Last Week’s OFSTED Story in the TimesJanuary 30, 2014
I did promise I’d return to the news stories about OFSTED. When writing the recent blogposts about OFSTED’s chaos over recent reports and inspectors ignoring every word Sir Michael Wilshaw says, it’s very easy to assume that their general hopelessness, love of trendy teaching and current state of apparent crisis is widely known. Actually, until last weekend, they were often presented in the media as a cadre of ruthlessly efficient, right-wing enforcers imposing every whim of Michael Gove and intent on privatising children. That’s why recent stories publicising the reality are so important.
Last week saw a report in the Times (behind a paywall, sorry) claiming:
Pressure is mounting for Ofsted to be overhauled or scrapped as supporters of Michael Gove accuse school inspectors of being trapped by 1960s “progressive” approaches to learning.
Civitas, a right-of-centre think-tank, is to call for a new inspectorate for academies and free schools in a pamphlet to be published soon. It will argue that the Education Secretary’s wish for schools to develop their own approaches to teaching is being held back by child-first orthodoxies among inspectors, who are stifling innovation.
Policy Exchange, another right-leaning think-tank set up by Mr Gove himself, also plans to call for wholesale changes at Ofsted in a forthcoming report. It will say that the current inspection regime places disproportionate pressure on teachers, while its judgments are too inconsistent.
The two inquiries reflect growing frustration within the Department for Education (DfE) over complaints from heads and teachers about Ofsted reports that appear to contradict the thrust of government policy. Some protest that inspectors have criticised teachers for talking for too long in lessons.
Others say inspection teams have demanded more group work, independent learning and interaction among children, which critics associate with the “child-led” philosophy of education that Mr Gove is trying to stamp out.
The article goes on to describe the two think tanks as right-wing allies of the secretary of state, and distinguishes between the chief inspector (who, of course, does deny wanting a particular style of teaching) and the many inspectors who do enforce a particular style of teaching.
The debate which followed on from this (which I will have to comment on before too long, if I can), emphasised the personalities involved and at times seemed to assume that the issues around OFSTED were not actually the ones mentioned in the article. But, as any reader of this blog knows, there is a real issue here. OFSTED inspectors do act as if they have a particular ideological agenda. They do seem to ignore the direction of their own leadership, let alone the agenda of any politician. It is not a surprise that these think tanks are interested. There are people from both of them who follow me on Twitter. Civitas have been critical of OFSTED in the past (here and here) and has a history of involvement in recent education debates from a position directly opposed to that they attribute to OFSTED. Policy Exchange has quite a high profile on education too, with frequent events and publications on educational issues. It is hardly shocking that they would know what the score is, or that they would be critical of OFSTED.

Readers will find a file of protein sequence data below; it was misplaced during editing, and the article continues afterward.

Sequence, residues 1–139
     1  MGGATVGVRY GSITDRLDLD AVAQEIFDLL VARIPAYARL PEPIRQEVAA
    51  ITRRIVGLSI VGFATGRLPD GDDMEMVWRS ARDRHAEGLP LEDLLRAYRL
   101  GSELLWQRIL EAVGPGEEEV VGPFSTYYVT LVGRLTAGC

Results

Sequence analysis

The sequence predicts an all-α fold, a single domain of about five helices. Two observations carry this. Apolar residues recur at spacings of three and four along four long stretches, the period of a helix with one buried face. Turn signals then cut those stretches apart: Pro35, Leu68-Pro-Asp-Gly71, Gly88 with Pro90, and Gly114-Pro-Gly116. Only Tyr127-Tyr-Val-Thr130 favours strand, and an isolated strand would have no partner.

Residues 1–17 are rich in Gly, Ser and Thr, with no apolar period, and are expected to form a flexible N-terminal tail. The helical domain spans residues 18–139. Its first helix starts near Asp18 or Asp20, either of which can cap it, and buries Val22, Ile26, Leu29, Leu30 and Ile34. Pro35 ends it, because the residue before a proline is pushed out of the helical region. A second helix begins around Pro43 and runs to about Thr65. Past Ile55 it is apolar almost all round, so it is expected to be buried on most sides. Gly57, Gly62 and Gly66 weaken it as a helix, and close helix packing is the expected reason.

However, I would hope that this has raised the issue of how OFSTED behave and will keep it in the public eye. I also hope that teachers can play a part in this debate. To that end, it is probably worth mentioning a couple of things.
1) Policy Exchange’s consultation on OFSTED is open until Monday, asking “teachers, heads, inspectors or others” about their experiences of OFSTED. It would be great if some of the people who tell me things about their experiences could also tell them.
2) If anyone is willing to speak to a journalist about experiences of OFSTED criticising them personally (or their school) for too much teacher talk and not enough independent learning, then please let me know so I can put you in touch with one who is interested.
This is likely to be an ongoing debate in both politics and the media, and it would be great if it can be informed as much as possible by the experience of teachers, rather than the usual succession of clueless talking heads who dominate so much of the public debate about education.